Video game company Blizzard often appears to be a study in contrasts. At times, it seems to recognize the changing nature of the technology landscape, embracing scarcities
, giving people reasons to buy
and even coming out against DRM
. But, at the same time, it tried to retroactively ban anonymity
in its forums, and has been notoriously litigious, even going after
organizations who promote its games.
However, perhaps the most troubling (and highest profile) issue involving Blizzard is its lawsuit against a guy who made a bot for doing things within World of Warcraft. While we recognize that such things can be used to "cheat," the problem was Blizzard's attempt (successful so far) to drastically stretch
the meaning and intent of copyright law, to suggest that making such a bot infringes on its copyright. Beyond the basic questions of how the decision in the case was at odds
with the basic concepts of the First Sale doctrine, the real problem was that nothing the bot does actually violates copyright law
. The judge had to seriously twist both the letter and spirit of copyright law to come to that conclusion (and if you don't want my analysis on it, try copyright expert William Patry's
, who noted):
The critical point is that WoWGilder did not contributorily or vicariously lead to violating any rights granted under the Copyright Act. Unlike speed-up kits, there was no creation of an unauthorized derivative work, nor was a copy made even under the Ninth Circuit's misinterpretation of RAM copying in the MAI v. Peak case. How one might ask can there be a violation of the Copyright Act if no rights granted under the Act have been violated? Good question.
To get to its result, the court had to first find that WoW, even though sold over the counter, was licensed not sold. In so finding, the court declined to follow the recent Vernor opinion in the Western District of Washington, believing it had to follow other Ninth Circuit precedent. I agree with the Vernor court that the other precedent (MAI, Triad, Wall Data) do not hold that over the counter software is licensed, not sold. (WoW may be purchased online too, but I don't think this changes the analysis.). Having found there was license not a sale, there still had to be a breach of the license in order to permit an infringement action to lie, and recall here that the claim is not one for direct infringement, but rather secondary liability; there was no privity between the parties. There was in fact no provision in the license that barred use of WoWGlider. The court took the extraordinary step of stitching together two unrelated provisions to create one. You have to read it to believe it, but it took the court 8 pages to go through this hard work, and why? Was the court offended by what it regarded to be cheating? If so, God help us if law is being reduced to such subjective, non-statutory grounds.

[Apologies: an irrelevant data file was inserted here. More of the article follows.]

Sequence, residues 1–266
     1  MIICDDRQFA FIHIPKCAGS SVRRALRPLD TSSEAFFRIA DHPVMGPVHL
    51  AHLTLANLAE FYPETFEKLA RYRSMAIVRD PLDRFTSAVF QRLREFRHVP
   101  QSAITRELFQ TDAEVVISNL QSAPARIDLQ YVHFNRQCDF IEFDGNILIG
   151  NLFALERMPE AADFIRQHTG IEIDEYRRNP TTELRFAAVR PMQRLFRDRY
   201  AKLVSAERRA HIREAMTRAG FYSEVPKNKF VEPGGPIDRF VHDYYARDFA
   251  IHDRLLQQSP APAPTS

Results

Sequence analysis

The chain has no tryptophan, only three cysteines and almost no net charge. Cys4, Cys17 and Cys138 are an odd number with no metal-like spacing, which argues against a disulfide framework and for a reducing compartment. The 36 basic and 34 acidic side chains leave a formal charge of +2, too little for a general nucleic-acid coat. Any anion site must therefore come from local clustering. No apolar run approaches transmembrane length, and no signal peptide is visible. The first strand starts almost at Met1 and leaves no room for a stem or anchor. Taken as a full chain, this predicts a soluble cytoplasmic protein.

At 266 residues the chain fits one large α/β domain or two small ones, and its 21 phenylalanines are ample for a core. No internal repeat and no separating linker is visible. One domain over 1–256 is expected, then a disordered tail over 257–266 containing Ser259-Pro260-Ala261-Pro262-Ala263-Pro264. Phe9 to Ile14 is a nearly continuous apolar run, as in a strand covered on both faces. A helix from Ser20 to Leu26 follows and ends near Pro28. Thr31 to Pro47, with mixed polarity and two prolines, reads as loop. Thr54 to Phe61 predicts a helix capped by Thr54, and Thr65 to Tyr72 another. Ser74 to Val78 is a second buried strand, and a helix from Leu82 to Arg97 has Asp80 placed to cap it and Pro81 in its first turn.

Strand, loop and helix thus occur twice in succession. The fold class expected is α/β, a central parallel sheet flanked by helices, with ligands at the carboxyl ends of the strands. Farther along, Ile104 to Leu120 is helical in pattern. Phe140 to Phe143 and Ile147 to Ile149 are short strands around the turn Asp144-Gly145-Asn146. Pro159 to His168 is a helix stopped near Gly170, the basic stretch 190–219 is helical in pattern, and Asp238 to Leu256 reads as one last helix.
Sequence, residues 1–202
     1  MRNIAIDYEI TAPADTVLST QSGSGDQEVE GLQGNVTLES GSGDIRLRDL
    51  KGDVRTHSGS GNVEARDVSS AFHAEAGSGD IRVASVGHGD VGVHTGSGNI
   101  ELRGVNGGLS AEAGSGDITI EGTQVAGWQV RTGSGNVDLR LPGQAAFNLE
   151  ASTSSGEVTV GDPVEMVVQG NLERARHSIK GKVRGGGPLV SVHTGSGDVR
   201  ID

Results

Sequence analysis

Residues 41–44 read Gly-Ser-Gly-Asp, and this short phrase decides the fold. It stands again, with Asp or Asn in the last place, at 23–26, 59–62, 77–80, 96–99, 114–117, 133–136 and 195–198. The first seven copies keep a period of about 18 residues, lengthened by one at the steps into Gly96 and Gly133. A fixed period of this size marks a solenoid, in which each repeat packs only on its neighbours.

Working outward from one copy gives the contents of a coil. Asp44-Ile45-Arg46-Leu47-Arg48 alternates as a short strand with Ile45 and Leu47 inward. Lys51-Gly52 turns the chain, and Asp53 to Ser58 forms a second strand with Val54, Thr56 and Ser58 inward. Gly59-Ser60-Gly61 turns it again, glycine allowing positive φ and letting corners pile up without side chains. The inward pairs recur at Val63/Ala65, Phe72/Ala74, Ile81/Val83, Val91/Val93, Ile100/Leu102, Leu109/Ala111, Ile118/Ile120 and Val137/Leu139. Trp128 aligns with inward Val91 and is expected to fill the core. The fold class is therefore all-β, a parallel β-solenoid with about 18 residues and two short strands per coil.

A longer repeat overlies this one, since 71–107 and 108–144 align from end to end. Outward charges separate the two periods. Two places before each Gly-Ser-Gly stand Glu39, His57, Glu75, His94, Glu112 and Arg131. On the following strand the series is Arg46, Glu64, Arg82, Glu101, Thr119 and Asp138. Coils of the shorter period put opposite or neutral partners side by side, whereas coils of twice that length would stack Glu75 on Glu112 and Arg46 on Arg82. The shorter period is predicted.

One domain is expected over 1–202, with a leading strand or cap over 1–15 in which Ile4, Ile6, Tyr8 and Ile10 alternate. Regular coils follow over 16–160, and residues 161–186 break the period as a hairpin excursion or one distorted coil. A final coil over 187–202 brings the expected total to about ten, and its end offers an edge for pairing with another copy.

While the appeal in that case is still ongoing
, it appears that Blizzard is using that precedent to go after more folks who have made tools for "cheating." The company recently banned thousands of players
from Starcraft II for allegedly using such cheat codes, but reader Jay
was the first of a bunch of you to point out that it's also suing three creators of cheat codes
using the same dubious claims of copyright infringement.
Now, let me make it quite clear: I completely understand why Blizzard and many players of Blizzard games hate
cheat codes and find them unfair and damaging to the overall gameplay. However, even if you think such cheats and hacks are the most evil thing out there, you have to admit that it's no excuse to misuse copyright law to punish the makers of those cheats, knowing that the end result could be precedent that negatively impacts all sorts of other things online. So what is Blizzard claiming specifically? Well, to make this a "copyright" issue, they're claiming that:
When users of the Hacks download, install, and use the Hacks, they copy StarCraft II copyrighted content into their computer's RAM in excess of the scope of their limited license, as set forth in the EULA and ToU, and create derivative works of StarCraft II.
Pick apart that sentence carefully. In order to make this a copyright issue, Blizzard is claiming that (1) running a cheat code violates the EULA and the ToU (the fine print no one read) and (2) once you've violated the EULA and the terms of service, you no longer have a license for the game ("excess of the scope of their limited license") and, because of that (3) when you copy aspects of the game in a fleeting manner into the computer's RAM, it
violates the copyright.
Hopefully, you can see how problematic this is. Thankfully, for now, other cases
(in a different circuit, I believe, so non-binding on the Blizzard cases) have found that fleeting copies in RAM are not considered infringing, and hopefully the courts here agree, and toss out this kind of tortured logic that could lead to all sorts of other ridiculous rulings. If Blizzard is allowed to make these claims, then any software/content company that offers you a long license, where you don't obey each and every claim, can say you've infringed on their copyright and owe huge statutory damages.